Listen Up
Some answers for those hard-to-ask questions
By Heather Morse

You’re stuck wearing one of those horrible hospital gowns, anxiously waiting for the doctor to come into the exam room. So when the doctor finally comes in, it’s no wonder you don’t have the guts to talk about, well, you know… We’ve got the answers to those questions you want to ask, but are too embarrassed to. (Trust us, they’ve heard it all before.)


How terrible is this prostate exam going to be?

“The exam is not as bad as you’re thinking,” says Jeffrey Tomaszewski, MD, a urologist at Cooper’s MD Anderson Cancer Center. “The exam takes maybe 20 seconds, and it’s not painful. None of my patients have ever said it was worse than they expected.”

And while it’s normal to be apprehensive about the exam, Tomaszewski says men can’t let their nerves get in the way of what is a vitally important screening tool for cancer.

“When it comes to prostate cancer, there are usually no symptoms until it’s too late,” says Tomaszewski.

“That’s why all men 55 and older should be screened every year. I also recommend that men who have a family history of prostate cancer and African-American men start screenings earlier, usually around age 50. I call it active surveillance – it’s a little thing that can make a big impact on your future.”

Tomaszewski urges men who are experiencing things like blood in their urine, painful ejaculation or a weakened urine stream to head to the doctor, no matter their age.

“Those are definite red flags and signs that something is going on with the prostate,” he says. “That doesn’t necessarily mean you have cancer, but you definitely need to get checked out by your doctor.”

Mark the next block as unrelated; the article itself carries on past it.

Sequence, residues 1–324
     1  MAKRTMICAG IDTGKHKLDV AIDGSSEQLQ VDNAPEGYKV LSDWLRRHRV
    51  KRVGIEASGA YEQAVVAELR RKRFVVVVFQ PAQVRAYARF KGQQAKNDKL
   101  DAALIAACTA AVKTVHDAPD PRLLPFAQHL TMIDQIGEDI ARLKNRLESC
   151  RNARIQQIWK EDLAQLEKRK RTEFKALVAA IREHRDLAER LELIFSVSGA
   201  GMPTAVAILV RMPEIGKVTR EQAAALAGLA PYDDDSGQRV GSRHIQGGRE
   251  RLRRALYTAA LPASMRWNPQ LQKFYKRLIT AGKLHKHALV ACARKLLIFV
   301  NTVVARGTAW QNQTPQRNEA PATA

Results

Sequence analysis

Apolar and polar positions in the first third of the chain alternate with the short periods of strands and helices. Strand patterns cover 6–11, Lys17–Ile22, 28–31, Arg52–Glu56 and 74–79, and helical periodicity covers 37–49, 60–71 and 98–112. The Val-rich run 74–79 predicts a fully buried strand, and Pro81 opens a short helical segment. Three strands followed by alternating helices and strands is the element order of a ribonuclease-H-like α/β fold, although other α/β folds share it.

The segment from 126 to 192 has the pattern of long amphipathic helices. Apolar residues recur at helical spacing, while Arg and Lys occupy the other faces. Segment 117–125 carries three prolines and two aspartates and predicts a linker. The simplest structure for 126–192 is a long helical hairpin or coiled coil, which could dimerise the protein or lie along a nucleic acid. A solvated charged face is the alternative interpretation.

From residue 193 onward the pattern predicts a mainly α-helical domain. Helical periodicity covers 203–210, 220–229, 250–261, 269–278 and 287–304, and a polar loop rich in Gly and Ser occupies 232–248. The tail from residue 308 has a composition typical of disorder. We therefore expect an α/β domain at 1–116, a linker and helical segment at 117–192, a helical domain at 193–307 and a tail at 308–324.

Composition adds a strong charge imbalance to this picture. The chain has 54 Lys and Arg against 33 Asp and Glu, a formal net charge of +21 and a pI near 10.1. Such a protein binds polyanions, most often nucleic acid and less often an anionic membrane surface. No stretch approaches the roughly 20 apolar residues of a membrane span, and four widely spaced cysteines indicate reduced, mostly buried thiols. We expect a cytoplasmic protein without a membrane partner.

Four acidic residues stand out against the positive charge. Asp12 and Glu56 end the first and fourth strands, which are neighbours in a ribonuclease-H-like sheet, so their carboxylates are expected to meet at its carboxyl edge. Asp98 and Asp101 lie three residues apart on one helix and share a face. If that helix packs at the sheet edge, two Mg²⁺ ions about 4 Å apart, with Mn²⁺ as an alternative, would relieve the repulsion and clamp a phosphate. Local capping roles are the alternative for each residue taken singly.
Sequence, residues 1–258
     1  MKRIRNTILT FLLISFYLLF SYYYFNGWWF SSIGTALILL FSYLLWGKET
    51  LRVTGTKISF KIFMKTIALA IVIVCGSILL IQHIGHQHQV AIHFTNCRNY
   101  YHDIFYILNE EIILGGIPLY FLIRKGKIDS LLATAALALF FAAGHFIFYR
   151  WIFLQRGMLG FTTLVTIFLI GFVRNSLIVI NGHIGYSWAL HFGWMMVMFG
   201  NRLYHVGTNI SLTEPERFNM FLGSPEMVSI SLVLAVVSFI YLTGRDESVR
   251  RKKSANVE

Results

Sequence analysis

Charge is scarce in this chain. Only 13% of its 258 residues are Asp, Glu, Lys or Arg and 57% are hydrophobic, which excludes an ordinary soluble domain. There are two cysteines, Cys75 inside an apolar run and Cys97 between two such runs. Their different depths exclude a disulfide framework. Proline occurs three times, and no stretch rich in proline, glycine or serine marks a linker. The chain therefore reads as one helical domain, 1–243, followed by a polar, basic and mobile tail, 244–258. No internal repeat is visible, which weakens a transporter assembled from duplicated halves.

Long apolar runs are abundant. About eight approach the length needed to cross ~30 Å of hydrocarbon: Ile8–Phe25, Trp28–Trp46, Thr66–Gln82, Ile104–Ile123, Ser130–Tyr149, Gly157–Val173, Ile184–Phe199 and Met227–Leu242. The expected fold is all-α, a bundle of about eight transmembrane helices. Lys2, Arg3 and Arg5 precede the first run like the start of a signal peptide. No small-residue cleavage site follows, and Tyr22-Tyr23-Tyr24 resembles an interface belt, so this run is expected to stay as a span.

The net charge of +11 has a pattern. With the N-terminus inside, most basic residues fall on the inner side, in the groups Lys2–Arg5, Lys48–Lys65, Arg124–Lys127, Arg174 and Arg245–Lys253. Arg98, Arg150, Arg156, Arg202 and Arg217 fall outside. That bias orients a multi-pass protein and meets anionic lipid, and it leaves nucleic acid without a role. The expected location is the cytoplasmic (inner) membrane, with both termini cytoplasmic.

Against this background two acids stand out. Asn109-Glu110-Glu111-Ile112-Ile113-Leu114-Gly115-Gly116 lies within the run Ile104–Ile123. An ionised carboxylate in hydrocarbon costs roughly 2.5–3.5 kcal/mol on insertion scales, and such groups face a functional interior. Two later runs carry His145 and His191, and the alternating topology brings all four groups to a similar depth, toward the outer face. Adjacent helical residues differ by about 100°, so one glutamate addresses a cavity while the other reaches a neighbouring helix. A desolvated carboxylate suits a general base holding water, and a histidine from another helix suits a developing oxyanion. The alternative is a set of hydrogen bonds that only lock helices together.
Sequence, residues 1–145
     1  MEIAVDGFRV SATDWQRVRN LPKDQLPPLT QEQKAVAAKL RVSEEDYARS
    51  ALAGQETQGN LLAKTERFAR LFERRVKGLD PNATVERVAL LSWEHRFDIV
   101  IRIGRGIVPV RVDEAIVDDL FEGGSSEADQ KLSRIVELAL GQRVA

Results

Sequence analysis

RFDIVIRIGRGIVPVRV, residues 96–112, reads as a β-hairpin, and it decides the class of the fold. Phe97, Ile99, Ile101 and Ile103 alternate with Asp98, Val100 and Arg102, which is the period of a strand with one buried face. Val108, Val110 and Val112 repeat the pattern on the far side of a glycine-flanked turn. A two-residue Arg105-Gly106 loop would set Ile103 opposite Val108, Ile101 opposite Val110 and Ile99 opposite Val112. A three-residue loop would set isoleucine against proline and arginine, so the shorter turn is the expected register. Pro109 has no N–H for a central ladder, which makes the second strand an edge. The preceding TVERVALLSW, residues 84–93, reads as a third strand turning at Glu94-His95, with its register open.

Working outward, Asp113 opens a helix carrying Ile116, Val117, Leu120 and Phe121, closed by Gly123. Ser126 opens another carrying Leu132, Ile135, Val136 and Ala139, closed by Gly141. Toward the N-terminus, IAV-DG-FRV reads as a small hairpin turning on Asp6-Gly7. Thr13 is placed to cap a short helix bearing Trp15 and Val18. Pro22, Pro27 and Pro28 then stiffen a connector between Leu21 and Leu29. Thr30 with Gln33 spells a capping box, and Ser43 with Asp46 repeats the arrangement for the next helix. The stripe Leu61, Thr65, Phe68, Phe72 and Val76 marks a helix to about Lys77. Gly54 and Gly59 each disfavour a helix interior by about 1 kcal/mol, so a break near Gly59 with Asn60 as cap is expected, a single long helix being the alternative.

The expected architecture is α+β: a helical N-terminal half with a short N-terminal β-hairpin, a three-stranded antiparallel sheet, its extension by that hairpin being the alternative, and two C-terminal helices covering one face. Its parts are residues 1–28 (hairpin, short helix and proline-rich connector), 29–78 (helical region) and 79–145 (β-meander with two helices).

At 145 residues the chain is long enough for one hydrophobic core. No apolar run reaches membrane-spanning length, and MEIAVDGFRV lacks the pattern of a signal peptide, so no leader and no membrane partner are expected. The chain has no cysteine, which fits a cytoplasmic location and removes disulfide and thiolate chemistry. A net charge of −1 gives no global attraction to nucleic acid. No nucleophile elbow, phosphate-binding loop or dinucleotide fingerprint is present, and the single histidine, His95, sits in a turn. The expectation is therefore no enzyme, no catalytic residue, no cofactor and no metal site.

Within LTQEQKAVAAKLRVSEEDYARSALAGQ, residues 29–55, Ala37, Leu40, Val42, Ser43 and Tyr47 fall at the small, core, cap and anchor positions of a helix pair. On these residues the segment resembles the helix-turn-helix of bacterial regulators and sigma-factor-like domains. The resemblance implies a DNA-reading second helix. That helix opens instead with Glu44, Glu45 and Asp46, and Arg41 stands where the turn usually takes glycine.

I don’t have any symptoms, do I really need a colonoscopy?

“I get it – most people don’t even want to think about having a colonoscopy, but just because you aren’t experiencing symptoms doesn’t indicate your colon is well,” says Warren Werbitt, MD, of Professional Gastroenterology Associates. “Colon cancer can be a silent disease, and colonoscopy is one of the most effective prevention methods against it.”

Colonoscopy is the most reliable test, says Werbitt, because it allows doctors to study the entire colon and rectum. “Colonoscopy not only allows us to detect cancers in their earliest and most treatable stages, it can also help us find abnormalities or pre-cancerous polyps that can be removed during the exam, before they develop into big problems.”

Since nearly 95 percent of colon cancer deaths occur after age 50, medical professionals recommend that men and women undergo the procedure once they hit the half-century mark.

“However, if you have a family history of colorectal cancer or have symptoms like a change in bowel habits, blood in your stool or frequent abdominal pain, your doctor may recommend you have a colonoscopy sooner,” says Werbitt.

The procedure itself is painless and only takes a few minutes, explains Werbitt. “Most people are afraid to have a colonoscopy, but when done safely, there are no adverse effects. The most significant issue people have is just feeling uncomfortable the night before as their body cleans itself out. But it’s a small trade-off.”


So what if I get winded when I mow the lawn – what’s the big deal?

“I see it all the time: men around age 50 come into my office and are very nonchalant about symptoms like this. I call them ‘ballpark symptoms’ – like feeling out of breath after climbing the bleachers, walking the dog or doing activities around the house,” says Vivek Sailam, MD, of Associated Cardiovascular Consultants. “Lots of men think it’s a normal part of getting older, but it can actually be a sign of heart disease.”